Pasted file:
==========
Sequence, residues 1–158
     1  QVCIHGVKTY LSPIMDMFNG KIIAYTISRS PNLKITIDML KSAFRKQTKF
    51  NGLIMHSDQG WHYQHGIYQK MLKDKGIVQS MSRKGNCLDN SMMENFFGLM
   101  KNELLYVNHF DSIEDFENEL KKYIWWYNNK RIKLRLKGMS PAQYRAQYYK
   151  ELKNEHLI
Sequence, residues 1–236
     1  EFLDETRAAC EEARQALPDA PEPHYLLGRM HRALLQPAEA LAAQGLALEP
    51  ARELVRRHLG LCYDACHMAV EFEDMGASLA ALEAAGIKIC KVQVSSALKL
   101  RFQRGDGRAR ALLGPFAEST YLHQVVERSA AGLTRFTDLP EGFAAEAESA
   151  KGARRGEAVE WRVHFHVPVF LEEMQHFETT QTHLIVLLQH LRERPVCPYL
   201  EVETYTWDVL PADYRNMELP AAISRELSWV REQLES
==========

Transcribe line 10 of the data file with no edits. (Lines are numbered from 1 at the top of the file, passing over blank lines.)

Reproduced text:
   151  KGARRGEAVE WRVHFHVPVF LEEMQHFETT QTHLIVLLQH LRERPVCPYL